I did my first Twitter chat a few weeks ago. Neat experience. I was a little nervous because the spotlight was smack on me, and I’m still pinching myself over being picked up by a publisher like Gravity, but it went well.
What’s a Twitter chat? Glad you asked.
Twitter chats are nothing new. The basic concept is a guided, interactive conversation on Twitter through the use of a hashtag. The coordinator sets a time, and anyone who wants to participate follows that hashtag stream at that time. The one I was a part of was run by my publisher Gravity, using the hashtag #GravityChat. The image at right shows the tail end of this week’s chat. The scheduling and guided aspects are what set a chat apart from a conversation around #amwriting, for example. #Amwriting is just a community hashtag for writers. There are conversation threads there, and people get to know you, but it’s not really a chat in the usual sense of the word.
Why do one? Lots of reasons. Gravity used it to spotlight writers or causes, and let people meet authors in a virtual coffeehouse. Rachel Thompson, the imprint manager, acted as a moderator, fielding questions via email, DM, or Facebook. Rachel also runs one called #SexAbuseChat, where each Tuesday at 6 PM Pacific time, participants talk about different topics relating to sex abuse. It can be secondary trauma, grief work in recovery, different kinds of PTSD…you get the idea. That particular chat isn’t intended as a therapy session, but rather to help survivors and their families to talk about their experiences and journey to recovery.
So what a Twitter chat is really about is building community. Why build community?
I’ve pointed out several times via Rachel that if all you’re using social media for is yelling “BUY MY BOOK!” multiple times a day, you’re using it wrong, and no one is going to pay attention to you. But if you use it to engage your fans—interact with them—carry on a conversation with them, they’ll learn more about you and want to buy your book(s).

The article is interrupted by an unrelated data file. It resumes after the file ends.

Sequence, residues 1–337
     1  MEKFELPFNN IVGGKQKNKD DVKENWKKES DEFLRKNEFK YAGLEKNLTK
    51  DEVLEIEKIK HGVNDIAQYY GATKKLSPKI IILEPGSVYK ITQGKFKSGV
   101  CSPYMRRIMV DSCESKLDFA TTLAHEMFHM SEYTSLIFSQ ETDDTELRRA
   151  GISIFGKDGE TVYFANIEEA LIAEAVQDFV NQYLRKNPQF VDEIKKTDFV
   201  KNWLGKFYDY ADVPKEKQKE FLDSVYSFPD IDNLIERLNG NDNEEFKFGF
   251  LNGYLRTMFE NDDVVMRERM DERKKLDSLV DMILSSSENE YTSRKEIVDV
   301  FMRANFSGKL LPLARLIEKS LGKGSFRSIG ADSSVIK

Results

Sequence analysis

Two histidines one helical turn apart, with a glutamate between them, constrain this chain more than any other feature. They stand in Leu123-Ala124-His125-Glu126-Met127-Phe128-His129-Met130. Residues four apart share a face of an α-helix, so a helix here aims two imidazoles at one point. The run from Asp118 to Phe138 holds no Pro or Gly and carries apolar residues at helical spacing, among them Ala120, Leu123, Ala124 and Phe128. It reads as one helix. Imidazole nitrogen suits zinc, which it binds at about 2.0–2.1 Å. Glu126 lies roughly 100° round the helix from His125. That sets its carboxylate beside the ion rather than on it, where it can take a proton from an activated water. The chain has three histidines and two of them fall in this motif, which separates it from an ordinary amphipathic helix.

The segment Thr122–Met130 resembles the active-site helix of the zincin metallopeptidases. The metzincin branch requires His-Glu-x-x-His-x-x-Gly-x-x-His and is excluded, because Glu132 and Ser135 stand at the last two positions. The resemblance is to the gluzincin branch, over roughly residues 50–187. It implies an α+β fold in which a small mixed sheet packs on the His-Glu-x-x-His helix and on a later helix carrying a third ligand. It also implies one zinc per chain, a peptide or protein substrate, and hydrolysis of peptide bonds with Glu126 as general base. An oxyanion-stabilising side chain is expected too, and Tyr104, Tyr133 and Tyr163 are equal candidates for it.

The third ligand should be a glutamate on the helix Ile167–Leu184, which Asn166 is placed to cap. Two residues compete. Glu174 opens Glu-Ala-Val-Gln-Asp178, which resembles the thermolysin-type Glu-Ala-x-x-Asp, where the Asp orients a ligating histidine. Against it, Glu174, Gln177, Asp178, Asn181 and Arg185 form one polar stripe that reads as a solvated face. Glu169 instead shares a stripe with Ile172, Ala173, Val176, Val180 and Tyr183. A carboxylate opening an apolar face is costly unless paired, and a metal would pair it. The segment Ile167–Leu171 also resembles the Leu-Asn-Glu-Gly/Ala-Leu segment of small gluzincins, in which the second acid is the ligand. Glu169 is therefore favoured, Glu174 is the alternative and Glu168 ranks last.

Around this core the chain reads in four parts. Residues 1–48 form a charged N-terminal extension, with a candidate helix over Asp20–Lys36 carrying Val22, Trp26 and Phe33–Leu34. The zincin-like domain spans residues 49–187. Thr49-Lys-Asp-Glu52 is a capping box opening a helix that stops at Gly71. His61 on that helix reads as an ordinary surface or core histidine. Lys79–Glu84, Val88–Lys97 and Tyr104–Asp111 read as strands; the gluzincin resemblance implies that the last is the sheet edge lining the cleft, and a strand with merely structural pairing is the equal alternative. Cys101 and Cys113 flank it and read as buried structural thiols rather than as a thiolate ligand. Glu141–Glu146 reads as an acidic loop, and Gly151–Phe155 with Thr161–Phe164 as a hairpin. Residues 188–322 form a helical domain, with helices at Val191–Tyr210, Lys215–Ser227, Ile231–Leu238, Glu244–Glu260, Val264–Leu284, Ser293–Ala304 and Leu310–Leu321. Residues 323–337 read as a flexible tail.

One other good reason to participate in a Twitter chat? Twitter exposure. Can you guess which day I did #GravityChat?So we’ve covered what they are, and why you should join one, or more. Now how do you find one, and how do you join?
You can try a Google search for “Twitter chat <#subject>.” That’s not always effective though in finding active chats, or more importantly, their schedule. What’s probably better is checking out the several lists that are out there, like these.
• Google Spreadsheet
• Find Twitter Chats In Your Industry: 5 Resources
• Twitter Chat Schedule
You can also check out advocacy groups or professional organizations and see if they moderate any chats.
Now that you’ve found one, how do you join in? Well, you could follow it on Twitter.com, but I don’t recommend that. Conversation tends to flow pretty quickly, and it can be hard to get a word in because to make sure everyone who’s part of the convo can see your post, you have to include the hashtag for the chat. Tweetchat does that automatically. There are several sites or clients out there. I’ve tried Tweetchat, Twubs, and twchat, and have been happiest with Tweetchat. I like that you can buffer the chat stream (slow it down) and that the message character count already includes the chat hashtag, so you don’t have to remember to allow for it.
So there you have the basics of Twitter chats: what they are, why you should join in, and how to join in. Now that you know everything there is to know about them, head out and find one! If you’ve got any questions, leave a comment, and I’ll try to help you out!
April 2017 Update: Gravity and Booktrope closed their doors in 2016, so GravityChat is no longer a thing. In its place is #BookMarketingChat, a tremendous resource that Rachel Thompson and Melissa Flickinger put together. Be sure to follow the Twitter account, Like the Facebook page, and set a reminder on your calendar every Wednesday night at 6 PM Pacific/9 PM Eastern.